Anti-CD19 CAR T cells represent a unique way to attack childhood leukemia. Preliminary evidence suggests that we can induce complete remission in patients refractory to other therapies.
—Daniel W. Lee, MD
Two small phase I studies at separate centers demonstrated encouraging results in the treatment of children with acute lymphoblastic leukemia (ALL) using reinfused autologous genetically engineered T cells. Results of both studies were presented at the Annual Meeting of the American Association for Cancer Research (AACR) in Washington, DC.1,2 These studies add to a growing body of small early clinical trials suggesting that the technique can achieve complete remission of leukemia in children with limited treatment options.
The treatment, called anti-CD19 chimeric antigen receptor (CAR) T-cell therapy, involves collection of the patient’s own immune cells, which are then genetically modified and expanded in the laboratory to attach to the CD19 protein expressed on the surface of ALL cells. The modified cells are then reinfused into the patient.
The technique is under study in children at several centers, including the Pediatric Oncology Branch at the National Cancer Institute, Children’s Hospital of Philadelphia, Memorial Sloan-Kettering Cancer Center, and the Fred Hutchinson Cancer Research Center. Each center employs modifications of the technique related to in vitro expansion and genetic modification of the cells, but all the centers are using autologous T cells modified to recognize the CD19 antigen. CAR T-cell therapy is also being explored in adults with chronic lymphocytic leukemia (CLL, see sidebar).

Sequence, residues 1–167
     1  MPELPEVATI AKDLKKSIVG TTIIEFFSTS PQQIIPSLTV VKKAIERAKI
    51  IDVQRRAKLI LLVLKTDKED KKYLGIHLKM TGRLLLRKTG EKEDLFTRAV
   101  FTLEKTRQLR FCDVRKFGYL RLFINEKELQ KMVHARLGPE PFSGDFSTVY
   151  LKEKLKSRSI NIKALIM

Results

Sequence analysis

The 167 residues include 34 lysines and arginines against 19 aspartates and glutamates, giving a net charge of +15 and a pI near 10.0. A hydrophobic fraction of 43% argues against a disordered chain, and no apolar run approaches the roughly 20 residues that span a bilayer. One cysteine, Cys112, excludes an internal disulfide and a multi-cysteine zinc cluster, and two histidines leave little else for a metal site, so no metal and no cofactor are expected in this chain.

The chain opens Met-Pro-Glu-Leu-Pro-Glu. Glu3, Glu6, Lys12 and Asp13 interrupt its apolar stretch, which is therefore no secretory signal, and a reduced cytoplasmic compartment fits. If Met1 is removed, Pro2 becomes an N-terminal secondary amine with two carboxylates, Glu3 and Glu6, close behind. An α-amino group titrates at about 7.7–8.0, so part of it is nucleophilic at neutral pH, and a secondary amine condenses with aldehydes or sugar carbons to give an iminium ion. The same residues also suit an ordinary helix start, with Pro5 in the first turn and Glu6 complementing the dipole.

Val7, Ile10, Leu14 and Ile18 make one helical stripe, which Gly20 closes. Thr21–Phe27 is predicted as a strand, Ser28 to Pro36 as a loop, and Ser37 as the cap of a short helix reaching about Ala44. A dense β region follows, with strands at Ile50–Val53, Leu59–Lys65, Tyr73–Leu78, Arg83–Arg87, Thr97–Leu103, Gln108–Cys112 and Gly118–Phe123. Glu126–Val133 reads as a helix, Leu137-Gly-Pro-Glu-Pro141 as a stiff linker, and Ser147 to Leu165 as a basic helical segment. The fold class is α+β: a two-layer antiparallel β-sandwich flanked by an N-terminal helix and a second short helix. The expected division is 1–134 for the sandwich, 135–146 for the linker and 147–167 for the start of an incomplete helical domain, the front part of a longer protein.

The first study1 included four patients aged 10 through 16. Following treatment with the genetically engineered T cells, one of two patients with ALL previously treated with bone marrow transplantation achieved complete responses, while a third child with ALL who had never been in remission despite intensive chemotherapy achieved a minimal residual disease–negative complete response. A fourth child with B-cell non-Hodgkin lymphoma who had a prior bone marrow transplant had progressive disease despite the T-cell therapy. It was too early to evaluate a fifth child who had been treated.
Presenting author Daniel W. Lee, MD, Assistant Clinical Investigator in the Pediatric Oncology Branch of the NCI in Bethesda, Maryland, said, “Childhood ALL is the most common malignancy in pediatric patients. The majority of children can achieve remission, but this comes with the price of long therapy, toxicity, and cost, with no guarantee of long-term cure. Children who relapse have limited therapeutic options, and new therapies are sorely needed.”
The first four patients to undergo the technique at NCI were treated with fludarabine and cyclophosphamide prior to receiving the CAR T cells. Side effects were temporary and not seen in every patient, Dr. Lee continued. They included fever, low blood pressure, and low blood counts and were easily managed in hospital. No evidence of graft-vs-host disease was observed in the three post-transplant patients who had undergone previous bone marrow transplantation.
“Anti-CD19 CAR T cells represent a unique way to attack childhood leukemia. Preliminary evidence suggests that we can induce complete remissions in patients refractory to other therapies,” Dr. Lee stated.
The second study2 treated five pediatric patients with CAR T-cell therapy. Four of the first five patients achieved complete responses, said study coauthor David M. Barrett, MD, Instructor in Pediatric Oncology at The Children’s Hospital of Philadelphia. Three of these complete responses have been durable, with the longest response being 12 months (range, 2–12 months), and one was transient. The fifth patient did not respond.